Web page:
Verdi
Rigoletto – Opera in three Acts to a libretto by Francesco Maria Piave after Victor Hugo’s play Le roi s’amuse [sung in Italian, with English surtitles]

Rigoletto – Nikoloz Lagvilava
Gilda – Vuvu Mpofu
Duke of Mantua – Matteo Lippi
Sparafucile – Oleg Budaratskij
Maddalena – Madeleine Shaw
Count Ceprano – Adam Marsden
Matteo Borsa – John Findon
Monterone – Aubrey Allicock
Marullo – Benson Wilson
Countess Ceprano – Eirlys Myfanwy Davies
Giovanna – Natalia Brzezinska
Court usher – John Mackenzie-Lavansch
Page – Roisin Walsh

The Glyndebourne Chorus

Glyndebourne Tour Orchestra
Thomas Blunt

Christiane Lutz – Director
Christian Tabakoff – Set Designer
Natascha Maraval – Costumes
Benedikt Zehm – Lighting
Anton Traumer – Projections

Glyndebourne on Tour 2019 – Verdi’s Rigoletto, © Glyndebourne Productions Ltd
Photograph: Richard Hubert Smith Verdi’s Rigoletto is so taut and doom-laden as the anti-hero is reeled in by Monterone’s curse that it’s a wonder that directors find any room for manoeuvre. Glyndebourne’s new production for this year’s Tour is the company’s first staging of this opera, entrusted to the German director Christine Lutz (recently married to Jonas Kaufmann) and her design team in their Glyndebourne debuts.

Lutz certainly demonstrates that in her house there are many mansions and crams in ideas. She has set it in 1930s’ Hollywood, and the Duke is the all-powerful studio mogul, where what happens on set stays on set. Rigoletto is a superstar comedian (based on Charlie Chaplin), locked into the studio system, and the Duke’s court is a squadron of gofers, hyper-active PAs, yes-men and technicians. The stage is full of vintage-cinema apparatus, with a casting couch close to hand – a set-up for potential abuse as familiar now as it was then.

Lutz’s layering and conflations of time cleverly exaggerate the curse’s progress. However, the silent appearances of the older Rigoletto (played by an actor) obsessively scribbling “forward” (seen on a video projection) are directorial business more to puzzle over than to be amazed by as Verdi’s melodrama romps into the distance. The grainy film clips of Rigoletto talking to camera similarly make the rather effortful point that the price of celebrity is his particular deformation, or hunchback.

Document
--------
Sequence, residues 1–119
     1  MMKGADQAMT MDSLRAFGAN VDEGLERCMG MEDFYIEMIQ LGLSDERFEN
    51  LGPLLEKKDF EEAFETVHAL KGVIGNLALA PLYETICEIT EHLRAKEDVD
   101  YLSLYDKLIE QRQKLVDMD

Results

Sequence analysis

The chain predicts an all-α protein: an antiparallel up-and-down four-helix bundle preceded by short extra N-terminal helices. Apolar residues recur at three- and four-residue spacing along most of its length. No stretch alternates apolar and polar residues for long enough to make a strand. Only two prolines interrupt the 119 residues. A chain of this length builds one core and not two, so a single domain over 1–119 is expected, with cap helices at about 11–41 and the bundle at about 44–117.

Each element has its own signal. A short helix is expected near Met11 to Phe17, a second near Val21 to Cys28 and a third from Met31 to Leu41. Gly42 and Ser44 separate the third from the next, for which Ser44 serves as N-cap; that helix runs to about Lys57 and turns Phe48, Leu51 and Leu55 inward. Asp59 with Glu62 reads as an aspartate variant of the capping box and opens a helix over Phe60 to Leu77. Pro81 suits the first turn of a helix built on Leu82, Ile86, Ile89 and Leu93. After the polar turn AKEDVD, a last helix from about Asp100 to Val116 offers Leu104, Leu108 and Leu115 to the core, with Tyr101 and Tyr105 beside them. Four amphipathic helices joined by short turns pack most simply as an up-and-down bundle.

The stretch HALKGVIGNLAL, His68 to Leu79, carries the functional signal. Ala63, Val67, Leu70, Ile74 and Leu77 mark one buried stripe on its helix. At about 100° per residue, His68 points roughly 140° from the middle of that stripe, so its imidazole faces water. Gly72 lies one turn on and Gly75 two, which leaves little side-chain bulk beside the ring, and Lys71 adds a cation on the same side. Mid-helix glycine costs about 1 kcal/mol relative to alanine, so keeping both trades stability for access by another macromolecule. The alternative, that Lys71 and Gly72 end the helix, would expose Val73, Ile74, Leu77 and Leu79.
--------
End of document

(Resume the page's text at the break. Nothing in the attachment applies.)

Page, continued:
Glyndebourne on Tour 2019 – Verdi’s Rigoletto, © Glyndebourne Productions Ltd
Photograph: Richard Hubert Smith

And Lutz has another crucial bit of distortion to offer – expanding the opera’s time-span to seventeen years, from Monterone’s curse to Gilda’s death. Rigoletto, you remember, is cursed for mocking Monterone over the Duke’s seduction of his (Monterone’s) daughter, who here bears an illegitimate child and, via an aerial artist, commits slo-mo suicide and sprouts angel’s wings. The child, clearly the Duke’s, grows up as Gilda, thereby throwing incest and paternity issues into an already heady mix.

The censors were up in arms when the opera first appeared. Here they would have exploded. With so much extraneous stuff going on, the big moments, in particular Rigoletto unwittingly helping the Duke’s men in Gilda’s abduction, are muddled, and the sight of the older Rigoletto and the older Duke observing Gilda’s death then killing each other as the curtain goes down, rather than adding the final turn of the screw to the power of the curse, stretches bathos to breaking-point. Her time-travelling and exposé of power and sexual abuse exerts a grip, but Lutz’s concept can be hard work.

Musically, it is on firmer ground. Nikoloz Lagvilava plays down Rigoletto’s cruelties, and even his moments of bravado veer towards introspection. Of the three leads, his singing and acting have the greatest subtlety and complexity. Vuvu Mpofu’s voice lacks nothing in Verdian splendour, and, despite some cautious coloratura, her ‘Caro nome’ is suitably airborne and ecstatic. It’s a pity that she has to endure such a clumsily staged murder. Matteo Lippi looks good, he is compelling as the serially womanising Duke, his singing is tirelessly full-voiced and ardent, just right for his casually seductive ‘La donna e mobile’, and his portrayal is very much to the macho point. Oleg Budaratskiy’s Sparafucile has vocal threat but the staging diminishes his impact. Madeleine Shaw is a marvellous Maddalena.

From the Prelude on, Thomas Blunt’s conducting and the GT Orchestra made the score sound gratifyingly black and, however light and nuanced on its feet, weighed down with tragedy. The storm scene is gripping, and in general the pit drives the show.

 

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